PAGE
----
Good afternoon from the intersection of arts, business, and downtown "revitalization."
On Saturday, the city's Seattle Restored project officially went live. The new program connects artists and entrepreneurs—with an emphasis on artists and entrepreneurs of color—to property owners of vacant storefronts in downtown neighborhoods for short term "activations." Conceived during the Durkan administration, the Office of Economic Development partnered with business coalition Seattle Good Business Network, arts organization Shunpike, and real estate broker Susanna Tran to build the program.
According to Seattle Restored's website, the project's goal is to create "vibrant and engaging streetscapes that encourage the public to visit downtown Seattle, support local businesses and support local artists." And it comes at a time when fretting over downtown safety is at an all-time fever pitch from TV news stations and city officials alike.
These "activations" will run from two to four months and encompass both pop-up stores and art installations viewable from the street. Funded by the Coronavirus Local Fiscal Recovery Fund, which is part of the American Rescue Plan, selected participants receive $2,500 in working capital. Landlords get kicked $1,500 (plus $250 for utilities) for hosting the artists/entrepreneurs.
Out of hundreds of applications, only 30 small business owners and artists were chosen. As of today, around a third of those "activations" have either been announced or gone live, spread from the Pike/Pine retail core to Pioneer Square and through Chinatown-International District. The rest of the "activations" will roll out over the course of the month, but here's what we got so far:
Art pop-up flower flower, a neighborhood arts "greenhouse" founded by a collective of queer, trans, Pasifika and Asian artists Screen-printing workshop and co-working space Soulvenir, which "focuses on Vietnamese culture, history & individuals through clothing, art, and design" Inside, a pop-up selling "self-care" products, events, and classes African streetwear store, TASWIRA, which sells handmade products made in collaboration with the Women's Empowerment Center in Mombasa, Kenya And window art installations from Soo Hong, Nikita Ares, 404 Studio, MonieLove, Damon Brown, and artist duo Lumi.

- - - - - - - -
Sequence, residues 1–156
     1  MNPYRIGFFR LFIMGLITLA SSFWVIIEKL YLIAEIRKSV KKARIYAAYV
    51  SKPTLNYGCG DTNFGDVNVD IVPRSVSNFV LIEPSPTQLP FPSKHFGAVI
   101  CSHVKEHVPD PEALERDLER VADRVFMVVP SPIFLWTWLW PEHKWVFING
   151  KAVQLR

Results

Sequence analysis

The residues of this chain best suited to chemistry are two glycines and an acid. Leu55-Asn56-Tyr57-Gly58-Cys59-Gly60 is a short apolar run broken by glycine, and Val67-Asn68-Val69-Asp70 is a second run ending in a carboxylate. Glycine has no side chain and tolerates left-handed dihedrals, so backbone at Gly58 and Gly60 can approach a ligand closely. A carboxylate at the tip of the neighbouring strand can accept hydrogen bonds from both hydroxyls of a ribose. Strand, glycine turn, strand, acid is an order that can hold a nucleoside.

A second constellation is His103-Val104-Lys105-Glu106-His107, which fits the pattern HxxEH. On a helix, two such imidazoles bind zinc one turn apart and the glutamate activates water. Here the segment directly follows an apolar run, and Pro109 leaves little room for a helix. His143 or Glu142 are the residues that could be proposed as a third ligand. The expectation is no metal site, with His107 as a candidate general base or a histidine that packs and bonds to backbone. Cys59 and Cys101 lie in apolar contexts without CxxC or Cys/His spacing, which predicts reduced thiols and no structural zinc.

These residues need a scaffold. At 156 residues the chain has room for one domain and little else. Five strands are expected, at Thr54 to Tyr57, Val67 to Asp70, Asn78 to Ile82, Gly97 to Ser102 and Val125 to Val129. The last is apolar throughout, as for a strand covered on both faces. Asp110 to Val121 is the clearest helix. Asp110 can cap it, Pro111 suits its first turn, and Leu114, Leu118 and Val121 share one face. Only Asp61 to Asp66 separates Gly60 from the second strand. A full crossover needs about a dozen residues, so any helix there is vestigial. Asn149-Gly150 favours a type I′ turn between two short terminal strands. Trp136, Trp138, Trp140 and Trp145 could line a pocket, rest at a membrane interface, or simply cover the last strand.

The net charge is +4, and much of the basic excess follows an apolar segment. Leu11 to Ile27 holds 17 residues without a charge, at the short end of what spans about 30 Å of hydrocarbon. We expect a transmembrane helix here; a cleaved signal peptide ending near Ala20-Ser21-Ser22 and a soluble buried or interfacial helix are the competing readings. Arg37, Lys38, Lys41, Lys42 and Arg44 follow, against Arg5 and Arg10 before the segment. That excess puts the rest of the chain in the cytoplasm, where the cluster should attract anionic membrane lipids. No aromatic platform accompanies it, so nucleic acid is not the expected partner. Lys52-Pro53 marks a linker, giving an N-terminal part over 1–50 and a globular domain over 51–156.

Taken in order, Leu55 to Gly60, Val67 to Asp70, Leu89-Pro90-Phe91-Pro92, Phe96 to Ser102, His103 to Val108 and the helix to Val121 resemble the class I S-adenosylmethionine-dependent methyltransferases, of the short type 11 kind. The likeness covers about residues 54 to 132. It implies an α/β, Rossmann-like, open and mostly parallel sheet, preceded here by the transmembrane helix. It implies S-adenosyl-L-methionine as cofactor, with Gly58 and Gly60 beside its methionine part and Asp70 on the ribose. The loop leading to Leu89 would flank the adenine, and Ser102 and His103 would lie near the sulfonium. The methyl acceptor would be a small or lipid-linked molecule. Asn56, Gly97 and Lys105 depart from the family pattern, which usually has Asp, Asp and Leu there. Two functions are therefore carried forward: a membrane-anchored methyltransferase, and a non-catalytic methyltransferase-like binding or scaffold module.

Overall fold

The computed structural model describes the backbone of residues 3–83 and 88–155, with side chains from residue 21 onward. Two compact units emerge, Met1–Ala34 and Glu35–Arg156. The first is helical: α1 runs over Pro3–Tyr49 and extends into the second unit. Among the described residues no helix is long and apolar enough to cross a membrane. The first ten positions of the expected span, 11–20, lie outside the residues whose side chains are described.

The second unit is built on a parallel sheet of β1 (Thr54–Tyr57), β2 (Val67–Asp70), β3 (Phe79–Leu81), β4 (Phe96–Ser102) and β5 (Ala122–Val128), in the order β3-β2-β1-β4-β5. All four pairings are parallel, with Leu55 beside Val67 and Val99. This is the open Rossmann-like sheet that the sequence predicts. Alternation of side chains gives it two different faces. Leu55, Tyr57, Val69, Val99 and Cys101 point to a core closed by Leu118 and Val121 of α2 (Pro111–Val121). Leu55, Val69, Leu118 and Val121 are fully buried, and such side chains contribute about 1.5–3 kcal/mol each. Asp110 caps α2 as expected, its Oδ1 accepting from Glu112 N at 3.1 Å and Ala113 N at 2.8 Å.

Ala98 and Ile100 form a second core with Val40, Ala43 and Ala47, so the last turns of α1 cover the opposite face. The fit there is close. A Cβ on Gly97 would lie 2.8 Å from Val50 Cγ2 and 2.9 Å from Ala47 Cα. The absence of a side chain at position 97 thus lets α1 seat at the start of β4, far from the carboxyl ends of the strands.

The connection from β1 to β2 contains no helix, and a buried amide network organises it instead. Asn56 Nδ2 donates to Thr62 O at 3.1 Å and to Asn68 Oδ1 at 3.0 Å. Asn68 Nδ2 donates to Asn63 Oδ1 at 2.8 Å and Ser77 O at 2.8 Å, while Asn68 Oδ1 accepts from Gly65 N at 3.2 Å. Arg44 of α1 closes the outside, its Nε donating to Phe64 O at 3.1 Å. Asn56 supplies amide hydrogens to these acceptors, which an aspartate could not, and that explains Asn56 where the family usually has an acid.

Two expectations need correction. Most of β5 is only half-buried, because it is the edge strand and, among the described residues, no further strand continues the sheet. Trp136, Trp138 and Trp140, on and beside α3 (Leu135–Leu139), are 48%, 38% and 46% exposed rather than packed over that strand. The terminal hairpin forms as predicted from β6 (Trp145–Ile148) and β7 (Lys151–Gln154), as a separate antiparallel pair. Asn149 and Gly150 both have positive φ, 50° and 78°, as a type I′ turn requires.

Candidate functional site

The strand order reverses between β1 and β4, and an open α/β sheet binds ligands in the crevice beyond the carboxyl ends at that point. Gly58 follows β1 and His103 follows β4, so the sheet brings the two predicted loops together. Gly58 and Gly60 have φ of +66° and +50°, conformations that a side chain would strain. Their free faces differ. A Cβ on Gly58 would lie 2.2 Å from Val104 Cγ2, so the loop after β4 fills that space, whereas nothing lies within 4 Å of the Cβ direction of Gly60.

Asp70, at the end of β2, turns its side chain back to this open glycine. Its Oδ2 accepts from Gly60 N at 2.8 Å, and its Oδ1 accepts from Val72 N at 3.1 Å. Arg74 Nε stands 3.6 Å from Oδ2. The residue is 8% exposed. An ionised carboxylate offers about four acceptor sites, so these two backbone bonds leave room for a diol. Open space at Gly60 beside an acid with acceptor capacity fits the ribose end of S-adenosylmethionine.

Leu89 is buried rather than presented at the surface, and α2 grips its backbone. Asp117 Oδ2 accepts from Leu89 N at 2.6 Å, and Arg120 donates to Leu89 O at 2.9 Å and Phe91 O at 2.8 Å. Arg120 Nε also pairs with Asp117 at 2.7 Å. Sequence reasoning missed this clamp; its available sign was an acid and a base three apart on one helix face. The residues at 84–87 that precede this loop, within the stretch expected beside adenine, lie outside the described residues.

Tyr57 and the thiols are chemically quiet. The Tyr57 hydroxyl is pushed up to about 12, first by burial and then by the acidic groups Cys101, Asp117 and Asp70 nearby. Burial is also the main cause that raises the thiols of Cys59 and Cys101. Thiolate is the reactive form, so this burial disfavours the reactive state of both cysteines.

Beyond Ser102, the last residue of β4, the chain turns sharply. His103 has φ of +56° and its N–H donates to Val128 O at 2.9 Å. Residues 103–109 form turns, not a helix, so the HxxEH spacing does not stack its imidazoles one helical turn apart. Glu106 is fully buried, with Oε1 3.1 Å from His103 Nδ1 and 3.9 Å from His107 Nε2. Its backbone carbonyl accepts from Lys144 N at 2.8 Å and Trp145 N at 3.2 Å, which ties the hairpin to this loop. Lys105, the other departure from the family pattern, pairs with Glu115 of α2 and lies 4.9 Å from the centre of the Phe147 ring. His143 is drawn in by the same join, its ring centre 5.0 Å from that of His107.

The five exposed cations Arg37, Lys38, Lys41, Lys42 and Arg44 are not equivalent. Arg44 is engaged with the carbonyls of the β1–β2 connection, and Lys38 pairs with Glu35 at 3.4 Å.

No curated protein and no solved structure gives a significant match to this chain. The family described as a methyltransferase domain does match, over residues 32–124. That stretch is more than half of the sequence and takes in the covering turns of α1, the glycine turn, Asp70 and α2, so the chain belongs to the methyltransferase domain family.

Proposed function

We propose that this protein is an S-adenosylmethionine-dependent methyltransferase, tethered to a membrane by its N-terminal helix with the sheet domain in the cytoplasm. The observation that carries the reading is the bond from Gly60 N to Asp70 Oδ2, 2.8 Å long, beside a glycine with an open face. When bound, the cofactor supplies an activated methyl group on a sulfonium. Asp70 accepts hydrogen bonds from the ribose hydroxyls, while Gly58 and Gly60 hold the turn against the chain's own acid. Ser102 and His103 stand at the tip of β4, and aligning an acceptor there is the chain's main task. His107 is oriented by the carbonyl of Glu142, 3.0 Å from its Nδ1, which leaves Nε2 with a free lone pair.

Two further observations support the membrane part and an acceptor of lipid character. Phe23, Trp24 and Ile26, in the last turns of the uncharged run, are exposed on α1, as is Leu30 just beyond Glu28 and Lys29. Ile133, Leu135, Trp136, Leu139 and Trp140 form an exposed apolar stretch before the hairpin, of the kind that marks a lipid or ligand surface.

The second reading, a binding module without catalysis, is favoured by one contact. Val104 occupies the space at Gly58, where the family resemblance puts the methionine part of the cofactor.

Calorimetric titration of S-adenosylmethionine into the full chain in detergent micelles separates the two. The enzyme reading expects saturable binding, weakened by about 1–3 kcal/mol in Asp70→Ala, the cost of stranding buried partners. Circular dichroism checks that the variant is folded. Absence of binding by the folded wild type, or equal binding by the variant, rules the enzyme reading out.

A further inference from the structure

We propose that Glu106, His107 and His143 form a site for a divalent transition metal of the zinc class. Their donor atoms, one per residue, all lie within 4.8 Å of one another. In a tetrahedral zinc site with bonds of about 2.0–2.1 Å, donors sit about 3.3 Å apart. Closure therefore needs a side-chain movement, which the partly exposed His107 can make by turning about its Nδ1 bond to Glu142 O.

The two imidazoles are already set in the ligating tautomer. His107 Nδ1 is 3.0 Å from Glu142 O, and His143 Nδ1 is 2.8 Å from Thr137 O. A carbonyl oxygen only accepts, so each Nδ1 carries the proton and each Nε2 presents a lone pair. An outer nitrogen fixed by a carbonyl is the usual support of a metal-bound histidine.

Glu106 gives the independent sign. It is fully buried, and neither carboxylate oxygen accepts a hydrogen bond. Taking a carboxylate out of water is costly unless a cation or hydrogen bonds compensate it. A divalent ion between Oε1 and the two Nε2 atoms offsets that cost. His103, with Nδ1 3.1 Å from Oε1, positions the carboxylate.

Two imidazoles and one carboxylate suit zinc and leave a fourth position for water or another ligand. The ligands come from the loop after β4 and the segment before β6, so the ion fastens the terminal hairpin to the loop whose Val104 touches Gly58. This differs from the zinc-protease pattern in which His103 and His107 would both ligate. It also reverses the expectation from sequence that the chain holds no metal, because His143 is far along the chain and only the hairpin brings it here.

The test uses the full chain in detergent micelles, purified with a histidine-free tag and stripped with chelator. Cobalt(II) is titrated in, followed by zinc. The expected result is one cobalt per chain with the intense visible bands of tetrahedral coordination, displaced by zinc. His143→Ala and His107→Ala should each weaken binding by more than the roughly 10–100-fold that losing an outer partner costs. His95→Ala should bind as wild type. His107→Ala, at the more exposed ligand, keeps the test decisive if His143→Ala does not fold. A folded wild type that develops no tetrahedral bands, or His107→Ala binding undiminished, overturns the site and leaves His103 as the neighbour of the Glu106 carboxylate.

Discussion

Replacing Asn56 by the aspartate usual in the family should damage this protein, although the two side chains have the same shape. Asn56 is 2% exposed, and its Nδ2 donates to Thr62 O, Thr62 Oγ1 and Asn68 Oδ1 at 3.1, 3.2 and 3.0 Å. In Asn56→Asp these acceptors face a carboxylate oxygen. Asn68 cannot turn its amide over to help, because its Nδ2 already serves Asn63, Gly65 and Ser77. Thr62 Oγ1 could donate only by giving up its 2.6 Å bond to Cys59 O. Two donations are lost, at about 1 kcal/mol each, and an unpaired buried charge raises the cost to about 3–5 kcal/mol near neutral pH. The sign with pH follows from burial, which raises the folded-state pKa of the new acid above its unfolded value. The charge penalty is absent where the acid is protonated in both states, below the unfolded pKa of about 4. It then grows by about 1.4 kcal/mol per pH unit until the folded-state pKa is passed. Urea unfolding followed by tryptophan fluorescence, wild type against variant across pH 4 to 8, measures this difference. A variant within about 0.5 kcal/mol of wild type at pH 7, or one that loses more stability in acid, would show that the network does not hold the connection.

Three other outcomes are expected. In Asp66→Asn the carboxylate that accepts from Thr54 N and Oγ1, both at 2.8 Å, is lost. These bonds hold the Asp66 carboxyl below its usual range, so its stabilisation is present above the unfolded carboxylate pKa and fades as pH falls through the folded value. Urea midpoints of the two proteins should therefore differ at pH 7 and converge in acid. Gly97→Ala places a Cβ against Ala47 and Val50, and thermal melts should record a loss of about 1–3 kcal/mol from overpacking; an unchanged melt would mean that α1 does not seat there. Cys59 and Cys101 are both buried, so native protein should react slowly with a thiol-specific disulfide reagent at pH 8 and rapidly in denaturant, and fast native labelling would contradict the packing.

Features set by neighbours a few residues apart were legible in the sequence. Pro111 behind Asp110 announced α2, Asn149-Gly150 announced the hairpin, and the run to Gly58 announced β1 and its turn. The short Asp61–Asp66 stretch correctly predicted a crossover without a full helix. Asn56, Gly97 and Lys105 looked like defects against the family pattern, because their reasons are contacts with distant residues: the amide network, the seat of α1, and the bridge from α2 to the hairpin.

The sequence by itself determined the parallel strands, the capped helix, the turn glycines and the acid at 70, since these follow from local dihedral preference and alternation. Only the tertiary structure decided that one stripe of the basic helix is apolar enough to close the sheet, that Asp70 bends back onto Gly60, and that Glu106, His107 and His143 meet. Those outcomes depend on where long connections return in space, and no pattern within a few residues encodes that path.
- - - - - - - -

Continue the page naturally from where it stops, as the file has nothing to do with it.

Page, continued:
I'm quite a big fan of Seattle-area artist Soo Hong and her dreamy, inky paintings. As part of Seattle Restored, Hong's art installation in a window display on Fourth Ave—Lockdown Vista—is composed of three giant vibrant works (above) that riff on Edvard Munch's woozy landscapes and drippy East Asian botanical ink-wash paintings. Similarly, I'm keen to check out 404 Studio's Burst Out of Your Bubble installation on Second Ave, composed of—you guessed it—bubbles as both a commentary on isolation and the ephemeral.
While I remain skeptical of the city using art and minority-owned small businesses as a way to shield downtown storefronts, I am happy any time artists get compensated and have their work displayed in prominent yet unconventional spots around town. I'll keep my eye out for more art installations announced as part of the project—you can expect to hear more from me on this later.
Get more information about Seattle Restored here.